In The Mountain School I told the story of visiting a Chinese-owned shop in a neighboring village called Kolo, where a Mosotho woman got into an argument with the Chinese cashier. Chinese are really the only immigrants in Lesotho and, if I could sum up, I’d say the Basotho grudgingly patronize Chinese businesses. I’d also note that while Westerners are almost strictly present in Lesotho in the role of charity or foreign aid workers, the Chinese are there to make money.
But the Chinese seem to be half-hearted immigrants; they set up businesses or run construction projects but otherwise put few roots down. They are notorious for knowing little Sesotho, and you would be hard-pressed to find a Chinese child anywhere in the Mountain Kingdom.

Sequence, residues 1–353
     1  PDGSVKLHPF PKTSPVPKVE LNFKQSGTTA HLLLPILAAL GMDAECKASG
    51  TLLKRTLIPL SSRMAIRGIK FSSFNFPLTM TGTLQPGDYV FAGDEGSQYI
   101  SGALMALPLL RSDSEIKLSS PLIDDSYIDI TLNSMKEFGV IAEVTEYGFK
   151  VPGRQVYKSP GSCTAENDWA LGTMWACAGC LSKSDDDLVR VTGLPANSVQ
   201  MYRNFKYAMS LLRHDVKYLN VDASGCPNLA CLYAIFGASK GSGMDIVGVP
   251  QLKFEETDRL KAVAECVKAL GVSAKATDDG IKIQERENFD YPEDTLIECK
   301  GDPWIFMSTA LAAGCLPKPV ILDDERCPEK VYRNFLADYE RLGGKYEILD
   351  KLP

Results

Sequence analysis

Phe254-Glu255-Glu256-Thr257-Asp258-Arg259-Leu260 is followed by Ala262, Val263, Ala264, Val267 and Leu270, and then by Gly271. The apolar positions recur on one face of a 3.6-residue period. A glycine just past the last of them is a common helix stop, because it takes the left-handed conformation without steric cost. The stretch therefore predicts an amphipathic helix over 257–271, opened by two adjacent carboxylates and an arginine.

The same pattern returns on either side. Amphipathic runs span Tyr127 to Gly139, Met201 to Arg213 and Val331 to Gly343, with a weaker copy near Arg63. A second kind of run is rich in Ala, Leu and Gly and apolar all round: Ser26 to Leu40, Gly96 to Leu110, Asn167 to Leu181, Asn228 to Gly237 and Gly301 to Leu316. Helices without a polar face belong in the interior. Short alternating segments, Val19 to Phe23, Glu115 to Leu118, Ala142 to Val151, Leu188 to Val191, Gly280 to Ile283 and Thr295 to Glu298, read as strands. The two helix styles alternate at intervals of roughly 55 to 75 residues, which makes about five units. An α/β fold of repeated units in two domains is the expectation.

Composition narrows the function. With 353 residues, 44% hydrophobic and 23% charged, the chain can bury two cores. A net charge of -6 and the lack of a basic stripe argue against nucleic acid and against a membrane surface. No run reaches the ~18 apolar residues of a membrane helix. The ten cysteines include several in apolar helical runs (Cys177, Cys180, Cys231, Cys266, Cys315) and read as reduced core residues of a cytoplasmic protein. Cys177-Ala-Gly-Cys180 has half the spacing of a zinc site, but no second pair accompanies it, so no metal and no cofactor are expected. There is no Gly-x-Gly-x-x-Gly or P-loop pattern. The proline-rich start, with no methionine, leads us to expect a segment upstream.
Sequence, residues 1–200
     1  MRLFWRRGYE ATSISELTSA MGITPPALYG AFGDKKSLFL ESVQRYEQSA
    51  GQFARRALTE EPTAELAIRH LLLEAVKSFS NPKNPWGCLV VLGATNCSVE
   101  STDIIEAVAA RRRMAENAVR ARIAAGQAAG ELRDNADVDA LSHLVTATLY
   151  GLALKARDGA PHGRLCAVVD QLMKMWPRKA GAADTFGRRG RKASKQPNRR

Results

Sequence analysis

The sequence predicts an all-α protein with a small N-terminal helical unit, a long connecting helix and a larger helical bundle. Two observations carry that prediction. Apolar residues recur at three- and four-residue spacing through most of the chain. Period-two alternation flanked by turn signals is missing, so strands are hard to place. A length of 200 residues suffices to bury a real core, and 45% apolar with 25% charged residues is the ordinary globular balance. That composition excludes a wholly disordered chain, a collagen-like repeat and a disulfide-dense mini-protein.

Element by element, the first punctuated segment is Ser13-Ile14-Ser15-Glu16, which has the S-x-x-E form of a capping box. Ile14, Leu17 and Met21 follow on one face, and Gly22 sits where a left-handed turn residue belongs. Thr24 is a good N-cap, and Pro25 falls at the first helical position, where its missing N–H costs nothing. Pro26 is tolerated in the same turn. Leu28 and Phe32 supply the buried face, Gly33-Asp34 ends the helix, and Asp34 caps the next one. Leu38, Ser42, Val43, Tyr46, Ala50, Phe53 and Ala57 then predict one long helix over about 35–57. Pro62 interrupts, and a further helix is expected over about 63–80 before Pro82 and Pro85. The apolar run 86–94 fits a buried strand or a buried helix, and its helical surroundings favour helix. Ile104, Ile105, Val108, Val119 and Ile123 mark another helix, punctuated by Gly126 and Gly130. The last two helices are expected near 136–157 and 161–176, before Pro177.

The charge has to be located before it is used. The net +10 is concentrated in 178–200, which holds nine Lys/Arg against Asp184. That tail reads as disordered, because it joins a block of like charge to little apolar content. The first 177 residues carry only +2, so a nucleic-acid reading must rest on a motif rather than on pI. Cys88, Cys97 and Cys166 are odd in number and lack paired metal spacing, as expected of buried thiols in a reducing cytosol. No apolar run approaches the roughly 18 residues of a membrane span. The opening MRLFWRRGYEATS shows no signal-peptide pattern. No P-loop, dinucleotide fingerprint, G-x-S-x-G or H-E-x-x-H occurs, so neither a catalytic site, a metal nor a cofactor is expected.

So unsurprisingly, though there is some admiration for the business acumen of the Chinese, Basotho mostly are heard speaking with jealousy, suspicion, or resentment of them. Chinese are sometimes given pejoratives such as colonizers, exploiters, imperialists of Africa in the 21st century, and worse.
The feelings have boiled over into violence in the past, most conspicuously during the riots of 1998, when many Chinese businesses were looted and burned. It seems the Chinese might soon find themselves targeted again. Here is a broad discussion on the website “Africa Is a Country” of recent incidents and current talk on local radio and the reaction from the Chinese embassy.
Here also is a short write-up in The Economist that mentions the new Parliament building that China has built for the government of Lesotho. Can you imagine, say, a new Capitol being built for the U.S. Congress by Brazil? What would that mean?by